“(i) amend existing resource management plans applicable to the off-highway vehicle recreation areas designated or expanded by subsection (a); or

“(ii) develop new management plans for each off-highway vehicle recreation area designated or expanded under that subsection.

“(B) REQUIREMENTS.—All new or amended plans under subparagraph (A) shall be designed to preserve and enhance safe off-highway vehicle and other recreational opportunities within the applicable recreation area consistent with—

“(i) the purpose described in subsection (b); and

“(ii) any applicable laws (including regulations).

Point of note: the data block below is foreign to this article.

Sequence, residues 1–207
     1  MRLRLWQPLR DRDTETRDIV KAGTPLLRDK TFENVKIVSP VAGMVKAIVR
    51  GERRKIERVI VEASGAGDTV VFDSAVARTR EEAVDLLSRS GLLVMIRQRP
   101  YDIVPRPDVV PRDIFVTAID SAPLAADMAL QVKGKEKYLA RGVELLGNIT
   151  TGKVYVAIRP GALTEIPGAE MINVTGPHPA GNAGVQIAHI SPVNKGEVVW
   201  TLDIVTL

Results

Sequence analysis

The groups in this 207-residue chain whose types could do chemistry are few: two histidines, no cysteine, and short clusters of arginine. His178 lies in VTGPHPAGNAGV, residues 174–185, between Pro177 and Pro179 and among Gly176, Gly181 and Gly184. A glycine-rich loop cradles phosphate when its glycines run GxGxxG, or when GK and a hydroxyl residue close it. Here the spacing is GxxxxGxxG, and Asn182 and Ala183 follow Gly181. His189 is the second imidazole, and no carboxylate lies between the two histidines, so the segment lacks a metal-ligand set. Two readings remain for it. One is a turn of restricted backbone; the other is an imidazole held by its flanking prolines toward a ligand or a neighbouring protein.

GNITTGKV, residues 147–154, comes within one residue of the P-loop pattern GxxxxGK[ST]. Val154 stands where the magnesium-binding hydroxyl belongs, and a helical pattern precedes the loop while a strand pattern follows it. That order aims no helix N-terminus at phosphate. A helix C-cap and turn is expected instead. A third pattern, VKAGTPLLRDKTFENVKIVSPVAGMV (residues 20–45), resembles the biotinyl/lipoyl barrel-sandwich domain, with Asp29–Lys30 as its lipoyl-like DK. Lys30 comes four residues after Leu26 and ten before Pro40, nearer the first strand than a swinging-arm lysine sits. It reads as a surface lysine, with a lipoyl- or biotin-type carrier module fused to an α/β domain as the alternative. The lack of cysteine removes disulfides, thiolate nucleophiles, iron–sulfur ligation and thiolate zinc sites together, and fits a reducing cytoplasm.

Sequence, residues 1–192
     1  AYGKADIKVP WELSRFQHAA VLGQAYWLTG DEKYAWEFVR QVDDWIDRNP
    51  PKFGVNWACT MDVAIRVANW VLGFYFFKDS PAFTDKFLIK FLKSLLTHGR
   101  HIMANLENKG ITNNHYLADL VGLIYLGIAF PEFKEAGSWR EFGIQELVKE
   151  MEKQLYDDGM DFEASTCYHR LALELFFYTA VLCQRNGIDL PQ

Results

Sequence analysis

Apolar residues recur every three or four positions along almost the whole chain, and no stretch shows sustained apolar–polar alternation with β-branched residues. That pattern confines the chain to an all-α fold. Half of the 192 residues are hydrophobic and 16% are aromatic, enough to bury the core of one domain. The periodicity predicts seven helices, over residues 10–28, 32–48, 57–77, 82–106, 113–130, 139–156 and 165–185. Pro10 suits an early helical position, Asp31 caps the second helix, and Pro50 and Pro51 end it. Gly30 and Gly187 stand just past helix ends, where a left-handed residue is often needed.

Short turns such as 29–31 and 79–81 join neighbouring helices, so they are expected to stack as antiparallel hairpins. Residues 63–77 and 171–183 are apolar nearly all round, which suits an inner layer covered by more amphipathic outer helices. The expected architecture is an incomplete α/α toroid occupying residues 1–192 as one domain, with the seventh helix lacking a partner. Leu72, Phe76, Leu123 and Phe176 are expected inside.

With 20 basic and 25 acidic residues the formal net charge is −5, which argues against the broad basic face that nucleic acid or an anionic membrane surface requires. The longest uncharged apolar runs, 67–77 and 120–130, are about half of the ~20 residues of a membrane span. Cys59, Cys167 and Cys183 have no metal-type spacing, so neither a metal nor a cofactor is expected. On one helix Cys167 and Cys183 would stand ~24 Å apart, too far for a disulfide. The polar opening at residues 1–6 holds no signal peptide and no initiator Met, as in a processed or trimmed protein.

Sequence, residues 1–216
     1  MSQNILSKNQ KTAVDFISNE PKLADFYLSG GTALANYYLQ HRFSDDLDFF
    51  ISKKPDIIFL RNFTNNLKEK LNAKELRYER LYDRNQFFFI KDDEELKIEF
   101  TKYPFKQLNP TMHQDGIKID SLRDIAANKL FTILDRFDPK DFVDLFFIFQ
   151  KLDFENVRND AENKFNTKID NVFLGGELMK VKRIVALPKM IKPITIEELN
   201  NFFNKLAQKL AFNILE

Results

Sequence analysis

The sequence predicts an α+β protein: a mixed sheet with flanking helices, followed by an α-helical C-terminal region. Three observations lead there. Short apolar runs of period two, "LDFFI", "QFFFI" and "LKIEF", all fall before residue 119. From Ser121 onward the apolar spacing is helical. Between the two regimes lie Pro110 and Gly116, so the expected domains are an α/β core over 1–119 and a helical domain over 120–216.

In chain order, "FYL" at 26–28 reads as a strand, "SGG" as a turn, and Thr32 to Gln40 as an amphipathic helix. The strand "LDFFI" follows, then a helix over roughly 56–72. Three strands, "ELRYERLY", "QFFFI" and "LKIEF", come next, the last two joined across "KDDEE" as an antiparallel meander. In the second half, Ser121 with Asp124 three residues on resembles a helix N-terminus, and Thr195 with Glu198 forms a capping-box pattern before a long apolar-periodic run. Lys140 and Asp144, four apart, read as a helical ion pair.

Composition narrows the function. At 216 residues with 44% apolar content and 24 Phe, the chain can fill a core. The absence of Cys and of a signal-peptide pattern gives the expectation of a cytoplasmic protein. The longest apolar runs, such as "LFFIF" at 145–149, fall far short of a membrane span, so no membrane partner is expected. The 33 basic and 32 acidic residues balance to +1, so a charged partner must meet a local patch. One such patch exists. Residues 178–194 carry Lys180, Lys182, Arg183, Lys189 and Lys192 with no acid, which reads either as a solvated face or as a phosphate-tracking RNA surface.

“(C) INTERIM PLANS.—Pending completion of a new management plan under subparagraph (A), the existing resource management plans shall govern the use of the applicable off-highway vehicle recreation area.

“(f) Withdrawal.—Subject to valid existing rights, all Federal land within the off-highway vehicle recreation areas designated or expanded by subsection (a) is withdrawn from—

“(1) all forms of entry, appropriation, or disposal under the public land laws;

“(2) location, entry, and patent under the mining laws; and

“(3) right-of-way, leasing, or disposition under all laws relating to mineral leasing, geothermal leasing, or mineral materials.

“(g) Southern california edison company utility facilities and rights-of-Way.—

“(1) EFFECT OF TITLE.—Nothing in this title—